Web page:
Phosphine- Arsine- and Chalcogenide-Based MOFs and Unusual Noble Metal Alloy Nanocatalysts

Friday, February 14, 2020

Dr. Simon Humphrey

Department of Chemistry

The University of Texas at Austin

Reception: Hand 1130 at 3:00 PM

Seminar: Hand 1144 at 3:30 PM


Recent advances in the synthesis, structures and unique post-synthetic modifications of
MOFs based on triarylphosphine (R3P), triarylarsine (R3As) and the corresponding
chalcogenides (R3P=E or R3As=E; E = O, S, Se) will be presented. The use of ligands
containing heavier p-block elements as MOF building blocks allows the introduction of ‘soft’
lone pairs that are energetically well-suited for post-synthetic modifications with low-valent
metal species of interest in catalysts. In addition, the variable oxidation states available to
the heavier group 15 and 16 elements (EIII/EV or EII/EIV/EVI, respectively) permit a range of
other, more unusual post-synthetic modifications, which provide routes toward reactive
organic ligands and moieties that cannot be obtained or stabilized in molecular complexes.
Microwave-assisted heating in the polyol synthesis of noble metal nanostructures provides
access to randomly alloyed structures of binary and ternary phases that cannot be obtained
using conventional heating methods. The resulting nanostructures are solid-solution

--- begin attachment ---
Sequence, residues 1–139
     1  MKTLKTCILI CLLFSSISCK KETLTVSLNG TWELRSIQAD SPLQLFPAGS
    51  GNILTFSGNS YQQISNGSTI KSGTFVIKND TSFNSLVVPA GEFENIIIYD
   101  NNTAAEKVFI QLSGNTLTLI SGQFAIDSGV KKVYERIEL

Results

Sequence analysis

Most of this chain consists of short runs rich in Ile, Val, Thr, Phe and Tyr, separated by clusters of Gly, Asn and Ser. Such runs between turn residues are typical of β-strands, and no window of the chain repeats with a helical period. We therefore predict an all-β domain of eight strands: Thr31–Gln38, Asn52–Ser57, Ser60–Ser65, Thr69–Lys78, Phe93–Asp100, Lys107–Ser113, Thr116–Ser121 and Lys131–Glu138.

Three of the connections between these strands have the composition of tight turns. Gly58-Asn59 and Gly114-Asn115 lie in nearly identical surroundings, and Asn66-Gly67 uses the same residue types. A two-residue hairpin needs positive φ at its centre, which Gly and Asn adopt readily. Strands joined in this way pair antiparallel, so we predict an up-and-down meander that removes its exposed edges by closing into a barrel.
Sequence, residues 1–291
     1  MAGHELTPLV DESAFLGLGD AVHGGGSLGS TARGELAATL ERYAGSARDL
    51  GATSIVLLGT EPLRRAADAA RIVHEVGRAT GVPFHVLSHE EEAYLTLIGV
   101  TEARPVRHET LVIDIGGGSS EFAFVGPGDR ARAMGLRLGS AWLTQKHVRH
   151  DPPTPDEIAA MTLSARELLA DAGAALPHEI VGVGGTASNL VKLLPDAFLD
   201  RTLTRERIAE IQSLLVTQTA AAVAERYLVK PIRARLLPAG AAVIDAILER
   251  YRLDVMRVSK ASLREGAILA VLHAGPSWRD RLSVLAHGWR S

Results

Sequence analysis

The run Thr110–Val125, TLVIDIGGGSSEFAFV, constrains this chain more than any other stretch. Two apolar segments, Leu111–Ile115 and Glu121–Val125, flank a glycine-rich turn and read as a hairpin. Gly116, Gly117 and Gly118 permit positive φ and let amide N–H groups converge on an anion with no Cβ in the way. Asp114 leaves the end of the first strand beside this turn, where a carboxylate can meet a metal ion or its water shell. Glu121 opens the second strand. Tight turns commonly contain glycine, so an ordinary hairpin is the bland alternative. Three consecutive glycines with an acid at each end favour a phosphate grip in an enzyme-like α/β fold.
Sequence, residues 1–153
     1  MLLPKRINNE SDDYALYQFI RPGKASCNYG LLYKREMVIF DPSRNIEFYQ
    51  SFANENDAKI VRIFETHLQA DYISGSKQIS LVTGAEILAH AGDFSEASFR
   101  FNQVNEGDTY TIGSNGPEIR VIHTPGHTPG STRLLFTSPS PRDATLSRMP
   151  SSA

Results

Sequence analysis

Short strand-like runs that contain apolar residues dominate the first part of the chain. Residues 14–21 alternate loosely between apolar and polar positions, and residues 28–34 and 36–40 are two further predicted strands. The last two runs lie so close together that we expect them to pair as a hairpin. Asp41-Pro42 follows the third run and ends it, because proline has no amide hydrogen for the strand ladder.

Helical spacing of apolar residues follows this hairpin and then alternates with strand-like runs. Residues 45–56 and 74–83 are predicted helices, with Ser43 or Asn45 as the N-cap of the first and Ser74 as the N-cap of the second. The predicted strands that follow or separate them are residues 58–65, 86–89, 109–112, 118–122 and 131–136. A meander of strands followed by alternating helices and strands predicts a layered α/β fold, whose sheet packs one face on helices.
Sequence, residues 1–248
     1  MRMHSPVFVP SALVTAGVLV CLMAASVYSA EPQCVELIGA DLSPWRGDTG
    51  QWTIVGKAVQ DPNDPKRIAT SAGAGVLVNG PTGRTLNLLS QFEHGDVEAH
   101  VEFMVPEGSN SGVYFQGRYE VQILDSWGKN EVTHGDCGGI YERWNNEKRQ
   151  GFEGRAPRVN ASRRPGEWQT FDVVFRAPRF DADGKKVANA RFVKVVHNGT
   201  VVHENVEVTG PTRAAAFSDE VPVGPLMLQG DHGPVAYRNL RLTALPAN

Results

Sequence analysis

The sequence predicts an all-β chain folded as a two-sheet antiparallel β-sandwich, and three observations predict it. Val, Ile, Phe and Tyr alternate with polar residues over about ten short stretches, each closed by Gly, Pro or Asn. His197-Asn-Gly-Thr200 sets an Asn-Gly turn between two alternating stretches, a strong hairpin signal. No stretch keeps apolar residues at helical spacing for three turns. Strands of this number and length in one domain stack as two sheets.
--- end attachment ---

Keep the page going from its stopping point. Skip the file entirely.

structures that are metastable and resist segregation upon heating above 300 °C. Model
heterogeneous catalysis studies reveal order-or-magnitude increases in hydrogenation
reactivity, based on synergistic (ensemble and electronic) effects. High-resolution electron
microscopy, EXAFS and PDF coupled with experiment and theory allow a deeper understanding of reactivity benefits due to nanoscale alloying. Fine control over alloy composition allows for optimization of reactivity for targeted applications, including in electrochemistry and in catalytic nitrate reduction and sulfide fouling resistance in water treatment.


Dr. Simon Humphrey was born in Wisbech, England in 1979. As an undergraduate he attended The University of East Anglia, Norwich (1998−2002) and The University of California at Santa Barbara (2000−2001) and obtained a Master of Chemistry degree (MChem, Class I). He then moved to The University of Cambridge (2002−2005) as a graduate student at St John’s College and obtained his Ph.D. studies under the supervision of Paul T. Wood, in the field of magnetic and porous coordination polymer synthesis. He then worked under the co-supervision of T. Don Tilley and Gabor A. Somorjai as a US Department of Energy Postdoctoral Research Associate at the Lawrence Berkeley National Laboratory (2005−2007), in the field of nanoparticle catalysis. In 2006, he undertook a Fellowship at St John’s College, Cambridge, before joining the Faculty at the University of Texas at Austin as an Assistant Professor in 2009.

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